A few years ago, when I struggled with depression, I managed to cope with my daily symptoms because I engage in one of the best activities – writing. It has become so beneficial in my mental health recovery because it helps build my creative thoughts. I get to come up with ideas that allow me to develop my problem-solving skills, improve my memory, develop my vocabulary, enhanced my reading comprehension, and build my self-confidence as I engage with different people. Writing was the best stress reliever and anti-depression activity that changed my life.
I like writing because it helps me express my thoughts and emotions. I write a lot about anything, and I get to see a glimpse of what I want to understand about myself. Sometimes, when I find myself having too many thoughts, I write about it, and it makes me feel good. Writing helps put my life events in a wider perspective and allows me to develop a useful list of goals that keep me going. Writing contributes a lot to my daily accomplishments, to be honest.
However, lately, I am losing interest in writing. So I went to my counselor and told her everything about the diminishing joy I am currently experiencing. I told her that I do not see writing as helpful as before. I even expressed my dismay that writing is no longer helping me get rid of my depressive symptoms. To my surprise, my counselor was not that shocked about the news. Honestly, I was expecting her to ask a few more details about when and how writing lost its charm in keeping my mental health stable. But then I figured she already know what had happened.
The Constant Redundancy That Made Everything Part Of The Usual
One thing I like about writing is the experience of expressing my thoughts and feelings without getting any bad reactions. Of course, I experience a lot of worries and fears all the time due to my mental illness. But things were controllable because there is no judgment or criticism in writing. I can write anything about my life without worrying that people will find out and laugh about it. I can write whatever I want about other people, such as how I hate, love, or thought about them because nobody knows what I write.
But then eventually I find it a little bit boring. I write about the same people I used to hang out with. I write about how they mean to me, about how they make me feel every day, and things like that. At some point, I got tired of all the redundancy. There is nothing much to write about them. There is no new experience and encounter that spice my relationship with these people. It feels like I only write the things I am thankful for these people because I have to. It is not enjoyable anymore as there is nothing much left to write.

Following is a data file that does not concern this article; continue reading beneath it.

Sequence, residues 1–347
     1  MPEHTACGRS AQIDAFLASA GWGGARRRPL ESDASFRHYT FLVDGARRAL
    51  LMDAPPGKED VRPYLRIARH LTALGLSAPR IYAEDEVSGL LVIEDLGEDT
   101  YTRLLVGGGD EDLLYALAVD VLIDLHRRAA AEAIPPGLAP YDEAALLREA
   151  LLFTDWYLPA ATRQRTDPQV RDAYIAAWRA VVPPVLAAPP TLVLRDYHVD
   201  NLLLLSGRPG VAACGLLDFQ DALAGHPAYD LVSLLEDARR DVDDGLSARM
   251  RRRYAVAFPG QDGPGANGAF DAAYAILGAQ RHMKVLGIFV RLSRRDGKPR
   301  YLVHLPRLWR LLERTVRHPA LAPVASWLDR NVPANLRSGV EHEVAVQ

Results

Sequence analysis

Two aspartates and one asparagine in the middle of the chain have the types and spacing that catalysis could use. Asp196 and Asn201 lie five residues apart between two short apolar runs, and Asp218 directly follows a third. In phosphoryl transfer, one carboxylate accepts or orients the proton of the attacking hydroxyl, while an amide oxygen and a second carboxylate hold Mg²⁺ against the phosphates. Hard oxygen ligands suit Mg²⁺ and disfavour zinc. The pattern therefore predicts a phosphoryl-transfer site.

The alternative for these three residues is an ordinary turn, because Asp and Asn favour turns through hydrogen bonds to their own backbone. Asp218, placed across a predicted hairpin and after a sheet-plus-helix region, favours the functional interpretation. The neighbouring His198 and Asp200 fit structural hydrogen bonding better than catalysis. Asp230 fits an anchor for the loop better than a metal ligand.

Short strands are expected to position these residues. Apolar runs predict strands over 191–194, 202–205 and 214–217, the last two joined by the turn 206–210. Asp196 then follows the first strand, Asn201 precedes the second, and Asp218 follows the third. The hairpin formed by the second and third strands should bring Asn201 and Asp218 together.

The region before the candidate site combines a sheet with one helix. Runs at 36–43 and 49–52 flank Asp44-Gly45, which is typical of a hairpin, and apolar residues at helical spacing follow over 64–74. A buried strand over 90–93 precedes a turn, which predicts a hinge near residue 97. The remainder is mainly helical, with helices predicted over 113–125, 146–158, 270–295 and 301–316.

The Habit Has Become A Necessity Instead Of Something Special
When I engaged in writing, I became so into it that I spent most of my time writing about things every day. Every time I felt something or anything that had to happen in a particular minute, I quickly jot it down. I try to write it in a journal, sometimes I create poems, and I even try making up stories relatable to my daily life occurrences. The experience is calming as it gave me enough time to manage the anxiety and depression symptoms I am struggling with. However, after a few months of doing the same thing over and over, it felt like my whole writing experience is all about “just writing.” It does not feel special anymore as I found myself doing it out of schedule. It does not bring me happiness anymore. I write something new because it makes me feel like doing what I am programmed to do.
Writing has been an essential part of my mental health recovery, and knowing that it does not work anymore sadden me big time. I love writing because I can get to be with myself. But now that I find it boring and impractical, things are becoming hard to handle. My depressive symptoms got worse, and now I have to develop another coping strategy that could stop all these unwanted thoughts and emotions from ruining every aspect of my life.
Talking about this issue with my counselor, I was not expecting her to provide me with answers or whatsoever. I know it is about me and my mental health struggle that I have to deal with accordingly. But I am so blessed that I get a chance to discuss my worries with her. Because right now, someone that can wholeheartedly listen to me is all that I ever wanted.